Stero keeps switching off, must have a circuit breaker. How do you test if the volume controls or the speakers might be shorting the stero out? The stero was working fine for 6 months now it shorts out after 2 minutes.
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Re: 80 watt impedance matching volume control
Check your spekaer cabling first for any loose connection. if everything as usual then something is wrong with either your speaker system or the power output stage of your amp. you may call it a "circuit breaker" but it actually overload protection of the power amp so as not to damage speakers or amplifiers. have your speakers checked for burn coils. you can also try to remove or turn off speaker switch, turn on the power, level up the volume and see it the system still stays on and does not trip (as you called circuit breaker) if the unit remains on, then it must be your speakers. though it could also be a leakage in the power transistors of your output stage, it something a technical person have to do to check anyway.
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You can link them using Tape Rec Out on one amp and connecting it to one of the Line Inputs on the other. This will allow the same signal to be played out from both amps. Each amp will power its own speakers. The volume controls will need to be operated on each amp, IOW, they aren't linked.
If your idea was to link the amps to somehow boost the power then you're out of luck. You can't multiply power up in that way. Connecting the speaker outputs of one amp to the line inputs of another will just blow the input circuits.
Speaker output is anything up to 30 Volts and could be anything up to 8 amps when the speaker impedance curve dips to its lower ranges. Fortunately the input impedance of a Line In is generally very high; 10,000+ Ohm. So the input circuit won't draw that much current. The problem is voltage.
Line inputs will accept something in the region of 1~2 Volts from a source signal. That's equivalent to roughly 1/3rd of a Watt @ 1V. The volume control wouldn't be much higher than its lowest setting. As soon as you crank up the volume even a little higher, you'd overdrive the Line Input stage on the receiving amp. That would result in.... first.... massive distortion which would cause the speaker voice coils to overheat and short (High distortion = Dead speakers = Not good). Then the input circuits would fry and kill the receiving amp.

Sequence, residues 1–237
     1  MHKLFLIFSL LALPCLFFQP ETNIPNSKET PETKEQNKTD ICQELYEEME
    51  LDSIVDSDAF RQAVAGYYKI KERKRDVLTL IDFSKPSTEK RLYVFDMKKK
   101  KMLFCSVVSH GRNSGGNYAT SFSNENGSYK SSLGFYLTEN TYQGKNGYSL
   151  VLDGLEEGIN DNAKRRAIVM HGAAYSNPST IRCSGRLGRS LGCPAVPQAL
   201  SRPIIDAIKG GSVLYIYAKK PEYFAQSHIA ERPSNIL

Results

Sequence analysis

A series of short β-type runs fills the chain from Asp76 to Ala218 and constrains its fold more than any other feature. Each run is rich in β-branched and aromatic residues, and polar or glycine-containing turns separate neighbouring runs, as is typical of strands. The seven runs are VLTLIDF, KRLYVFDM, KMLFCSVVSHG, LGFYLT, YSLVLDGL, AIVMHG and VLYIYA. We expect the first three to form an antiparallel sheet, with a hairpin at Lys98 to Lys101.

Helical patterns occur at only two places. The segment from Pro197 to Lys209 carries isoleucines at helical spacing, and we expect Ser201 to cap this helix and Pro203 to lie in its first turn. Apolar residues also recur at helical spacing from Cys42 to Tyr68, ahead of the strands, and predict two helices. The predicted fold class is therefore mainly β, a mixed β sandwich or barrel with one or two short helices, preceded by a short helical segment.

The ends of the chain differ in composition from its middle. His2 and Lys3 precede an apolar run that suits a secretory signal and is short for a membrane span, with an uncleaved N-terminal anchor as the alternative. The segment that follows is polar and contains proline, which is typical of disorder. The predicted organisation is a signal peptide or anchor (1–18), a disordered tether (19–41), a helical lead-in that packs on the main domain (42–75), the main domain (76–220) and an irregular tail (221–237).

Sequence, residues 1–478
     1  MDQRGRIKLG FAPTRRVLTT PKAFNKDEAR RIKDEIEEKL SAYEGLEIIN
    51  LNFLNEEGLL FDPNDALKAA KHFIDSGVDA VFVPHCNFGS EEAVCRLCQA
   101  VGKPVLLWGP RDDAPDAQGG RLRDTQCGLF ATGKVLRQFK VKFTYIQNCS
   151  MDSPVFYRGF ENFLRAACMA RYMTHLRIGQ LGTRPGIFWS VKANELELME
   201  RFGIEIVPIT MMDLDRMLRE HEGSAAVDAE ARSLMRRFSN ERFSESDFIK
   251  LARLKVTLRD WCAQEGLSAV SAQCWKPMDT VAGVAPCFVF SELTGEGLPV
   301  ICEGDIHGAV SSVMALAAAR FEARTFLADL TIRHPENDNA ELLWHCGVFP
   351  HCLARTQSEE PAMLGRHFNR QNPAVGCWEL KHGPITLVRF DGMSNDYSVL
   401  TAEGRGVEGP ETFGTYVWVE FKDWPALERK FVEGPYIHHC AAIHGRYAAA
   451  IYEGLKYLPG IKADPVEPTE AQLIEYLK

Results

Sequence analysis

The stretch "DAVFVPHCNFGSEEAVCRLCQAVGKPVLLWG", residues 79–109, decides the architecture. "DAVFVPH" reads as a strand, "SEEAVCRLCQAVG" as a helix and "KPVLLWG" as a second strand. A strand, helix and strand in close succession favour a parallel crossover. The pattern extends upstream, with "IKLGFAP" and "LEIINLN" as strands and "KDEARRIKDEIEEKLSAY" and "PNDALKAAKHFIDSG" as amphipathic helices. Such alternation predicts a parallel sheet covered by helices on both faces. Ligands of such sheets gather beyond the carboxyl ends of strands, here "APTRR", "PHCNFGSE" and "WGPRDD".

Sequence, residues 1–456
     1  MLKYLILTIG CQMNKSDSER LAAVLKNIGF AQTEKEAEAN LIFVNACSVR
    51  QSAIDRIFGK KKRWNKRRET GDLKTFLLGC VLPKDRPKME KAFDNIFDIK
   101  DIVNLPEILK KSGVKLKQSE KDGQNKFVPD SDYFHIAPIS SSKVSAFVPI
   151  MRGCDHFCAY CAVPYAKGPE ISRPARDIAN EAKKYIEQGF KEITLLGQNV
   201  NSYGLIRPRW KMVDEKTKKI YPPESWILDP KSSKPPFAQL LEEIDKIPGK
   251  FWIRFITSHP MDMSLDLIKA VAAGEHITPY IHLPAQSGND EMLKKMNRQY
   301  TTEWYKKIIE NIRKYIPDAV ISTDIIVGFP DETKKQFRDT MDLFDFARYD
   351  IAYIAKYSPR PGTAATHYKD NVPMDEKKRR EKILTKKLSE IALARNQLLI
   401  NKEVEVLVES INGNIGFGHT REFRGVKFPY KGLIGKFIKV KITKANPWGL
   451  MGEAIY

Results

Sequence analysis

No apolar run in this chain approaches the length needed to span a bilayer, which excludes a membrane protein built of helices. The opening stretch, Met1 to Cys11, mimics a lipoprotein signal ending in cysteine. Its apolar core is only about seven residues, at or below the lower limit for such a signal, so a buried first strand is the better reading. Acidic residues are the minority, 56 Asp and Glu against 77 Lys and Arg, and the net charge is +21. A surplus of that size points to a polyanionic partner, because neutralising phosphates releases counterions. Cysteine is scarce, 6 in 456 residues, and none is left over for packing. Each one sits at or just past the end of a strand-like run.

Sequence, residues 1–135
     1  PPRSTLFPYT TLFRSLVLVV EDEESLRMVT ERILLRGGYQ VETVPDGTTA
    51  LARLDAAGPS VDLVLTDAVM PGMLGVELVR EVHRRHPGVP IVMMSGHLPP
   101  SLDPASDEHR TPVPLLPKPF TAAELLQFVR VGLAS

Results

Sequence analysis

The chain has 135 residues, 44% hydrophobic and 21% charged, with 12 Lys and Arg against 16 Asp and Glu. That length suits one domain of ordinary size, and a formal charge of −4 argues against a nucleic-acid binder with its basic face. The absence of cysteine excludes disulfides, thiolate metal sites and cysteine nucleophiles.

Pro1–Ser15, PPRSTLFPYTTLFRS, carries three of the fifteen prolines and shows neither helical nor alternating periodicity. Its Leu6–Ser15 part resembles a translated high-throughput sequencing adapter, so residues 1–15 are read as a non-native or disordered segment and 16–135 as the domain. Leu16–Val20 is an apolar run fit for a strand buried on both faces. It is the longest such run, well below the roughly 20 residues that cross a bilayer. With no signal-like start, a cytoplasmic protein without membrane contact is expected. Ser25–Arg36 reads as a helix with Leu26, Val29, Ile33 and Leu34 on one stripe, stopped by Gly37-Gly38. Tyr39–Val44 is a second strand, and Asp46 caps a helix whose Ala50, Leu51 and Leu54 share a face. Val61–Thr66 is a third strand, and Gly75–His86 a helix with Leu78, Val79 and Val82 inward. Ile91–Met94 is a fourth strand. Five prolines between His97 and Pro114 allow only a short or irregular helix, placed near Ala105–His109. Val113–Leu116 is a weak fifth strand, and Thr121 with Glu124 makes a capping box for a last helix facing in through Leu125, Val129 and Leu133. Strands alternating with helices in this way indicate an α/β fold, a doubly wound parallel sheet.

first is how u want to run the amp itself ....... the MAX2500 can run in mono (bridged) output or stereo ......... though wat u want to watch is the impedance of the load really with the bridged load being no lower than 8 ohms/1500W (there's reasons for this) and the stereo load where u can have either 4 ohms/750W or 8 ohms/500W so how do u want to run this is first the question ..... all 6 on the bridged output or 2 off each channel (though running 3 would make for complicated impedance load) ..... so u'd run 2 in parallel for a 4 ohm load with 300 watt requirement from the amp and u can drive them to 1.5 times their rated RMS figure so a nice 500 watts :)
Ohms is an impedance, they call it resistance. You have to hook up 8 ohm speakers to the 8 ohm terminals on your device. Some speakers are 4 ohms, and may not be able to handle the power if hooked to 8 ohm terminals, so be sure you have what they call an "impedance" match.
Watts, by the way, is what they measure Power by, and P=EI (Power equals voltage times current).
How loud? Or how high on the volume? Any amp can produce a heck of a lot of dirty power (well above its 'clean' rated power) if pushed hard enough. Distortion will rise rapidly and speaker-killing clipping can occur. It's trying to tell you to back off.
What you will need is an autoformer based speaker selector with volume control for 4 speaker pairs. This will take the left and right speaker wire out from your amplifier and distribute it to 4 pairs of speakers. Each pair of speakers gets it own volume control so you can control each room sound independently. It will also do speaker impedance matching so that your amplifier is not being over driven by the 4 pairs of speakers. The manual for the product you purchase will aid you in the proper settings of the auto former control. You can find this product from companies like Russound or Niles.
I think it's a bad idea to use a simple potentiomenter to do what you want to. You'd be better off using another amplifier with RCA cables in between them. It's not hard to find an old amp that you could use these days.